No Longer

The moringa tree is no longer a sapling with a root thicker than its body. It’s slender branches now brush the air some twenty feet above the ground. The strawberry plants still live, but weeds threaten to choke them. The sweet potato plants have disappeared. So has Lídia, the large female teacher that taught in the afternoons with me. I guess she died in a car accident shortly after I left Niassa last year. The head director and one of the pedagogical directors were transferred to other schools. Milton, who worked in the front office, also left, dedicating himself full-time to drinking. Álves is dating his first girlfriend. And Orlando’s daughter had her first birthday party. Even in my remote corner of Africa, timed marched relentlessly forward after I departed. During my ten day visit at the end of October, I encountered a reality that – unlike my memories – has no time for nostalgia.

The result, similar to my return to San Diego earlier this year, is an uncanny feeling, difficult to assign to any single emotion. It is the experience of a kind of cognitive dissonance, two tectonic masses – “Lichinga” as a remembered, imagined identity in my mind and Lichinga as a lived, right-now reality – crumpling into each other. Initially, this convergence took the form of exhaustion. After one day in my old house, I was tired. My home as remembered: the rising moon, yellow and round, dripping tranquility like juice from a fresh mango, ascends through the cool air and the nightly symphony of crickets and frogs. My home as re-experienced: the moon rises, the critters croak, and I am outside observing this natural phenomena because I have no running water, meaning I must fill a bucket from the rain collection tank in order to rinse my shit down the toilet bowl. How quickly I left behind the logistical hardships of the past two years, adapting – coming to expect – the comforts of running water, cleanliness, consistent electricity and internet (most of which I have in my apartment in Maputo). And yet, after several days, muscle memory reasserted itself and the tasks once again felt routine. Life, I re-experienced, moves a bit slower in Niassa; the expectations of what one must accomplish in a single day decrease significantly in the face of increased effort for mere survival.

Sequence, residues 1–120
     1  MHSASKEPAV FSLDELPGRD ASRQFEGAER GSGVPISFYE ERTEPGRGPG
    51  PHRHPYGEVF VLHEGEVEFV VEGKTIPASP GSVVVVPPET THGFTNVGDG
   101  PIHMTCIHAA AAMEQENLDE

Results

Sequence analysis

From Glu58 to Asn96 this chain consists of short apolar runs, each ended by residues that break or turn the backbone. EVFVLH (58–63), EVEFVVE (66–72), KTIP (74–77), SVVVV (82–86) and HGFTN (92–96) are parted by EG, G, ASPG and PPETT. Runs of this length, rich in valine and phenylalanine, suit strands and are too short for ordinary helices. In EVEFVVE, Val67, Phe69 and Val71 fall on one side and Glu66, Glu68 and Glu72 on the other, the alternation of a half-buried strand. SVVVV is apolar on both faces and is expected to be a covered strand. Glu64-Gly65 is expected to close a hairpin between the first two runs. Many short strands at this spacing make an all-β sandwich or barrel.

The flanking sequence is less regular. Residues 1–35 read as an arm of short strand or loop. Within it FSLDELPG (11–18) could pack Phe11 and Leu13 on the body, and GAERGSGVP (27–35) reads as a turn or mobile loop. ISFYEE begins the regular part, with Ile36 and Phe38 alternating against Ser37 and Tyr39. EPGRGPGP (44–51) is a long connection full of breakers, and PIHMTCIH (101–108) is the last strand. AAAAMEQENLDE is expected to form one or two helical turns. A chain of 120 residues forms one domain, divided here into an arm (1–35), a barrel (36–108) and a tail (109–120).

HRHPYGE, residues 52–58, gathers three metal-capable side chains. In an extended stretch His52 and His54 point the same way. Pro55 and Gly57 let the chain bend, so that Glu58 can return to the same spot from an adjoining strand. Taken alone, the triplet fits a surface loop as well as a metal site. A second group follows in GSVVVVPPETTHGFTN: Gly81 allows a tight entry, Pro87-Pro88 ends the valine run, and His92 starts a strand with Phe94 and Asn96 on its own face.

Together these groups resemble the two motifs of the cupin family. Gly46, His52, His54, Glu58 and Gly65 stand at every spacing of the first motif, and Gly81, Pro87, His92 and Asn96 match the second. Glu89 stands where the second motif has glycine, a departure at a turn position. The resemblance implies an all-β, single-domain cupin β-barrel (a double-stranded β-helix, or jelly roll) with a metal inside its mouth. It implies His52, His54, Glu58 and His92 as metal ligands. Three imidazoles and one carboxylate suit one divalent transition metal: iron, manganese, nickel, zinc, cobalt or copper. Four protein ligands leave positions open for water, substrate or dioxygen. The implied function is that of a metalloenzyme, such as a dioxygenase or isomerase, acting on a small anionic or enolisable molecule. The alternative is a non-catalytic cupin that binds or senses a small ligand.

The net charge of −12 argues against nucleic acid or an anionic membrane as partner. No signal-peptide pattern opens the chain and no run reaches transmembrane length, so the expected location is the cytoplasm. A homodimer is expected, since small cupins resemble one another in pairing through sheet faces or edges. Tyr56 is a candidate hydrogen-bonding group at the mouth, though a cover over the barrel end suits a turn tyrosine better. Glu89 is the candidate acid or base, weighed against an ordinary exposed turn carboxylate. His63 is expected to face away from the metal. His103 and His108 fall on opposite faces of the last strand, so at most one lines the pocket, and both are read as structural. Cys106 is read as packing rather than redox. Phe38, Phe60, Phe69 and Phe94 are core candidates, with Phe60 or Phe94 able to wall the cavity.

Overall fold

The tectonic collision, however, did not subside in the wake of this readjustment. I still felt wrong. When I visited the school, about half of the teachers remembered me. The other half called me Yoel, the name of the volunteer that replaced me. The painting I left as a gift hangs in the top left corner of the front office, almost unnoticeable if you don’t lift your eyes above the broken photocopy machine. I entered all of my old classes, now ninth and tenth graders. They screamed. They begged for me to teach an English class. They screamed more. One student, a short girl with a raspy voice that once stole strawberries from my yard, clung to the front of my shirt, pleading that I should stay forever. She told me that she loved me. “Te amo, Professor. Te amo, te amo, I swear.” She kissed my hand. Now that I am no longer responsible for their education, I found my students hilarious, carefree, and fun (everything that, as their teacher, scraped away at my sanity with a rusty spoon). After such moments of stardom, the stillness at the house or on lone walks into the city (so much farther than I remembered) swallowed me whole. I leaned into it, just as I learned to do while living there, and the pensive quiet provided an explanation of the dissonance: Lichinga, the cement home on the slope of the shallow valley, is not mine anymore. It may feel eerily the same – the paths through the neighborhoods have not changed, the metal rooftops of the school are still green – but I am out of touch with the day-to-day experience. No longer can I tell friends or strangers that I live there, just there, in the third house on the right. During my visit, I walked through my old life like watching a television show that I once loved as a child – familiar, but I cannot identify with the characters or the plot like I once did.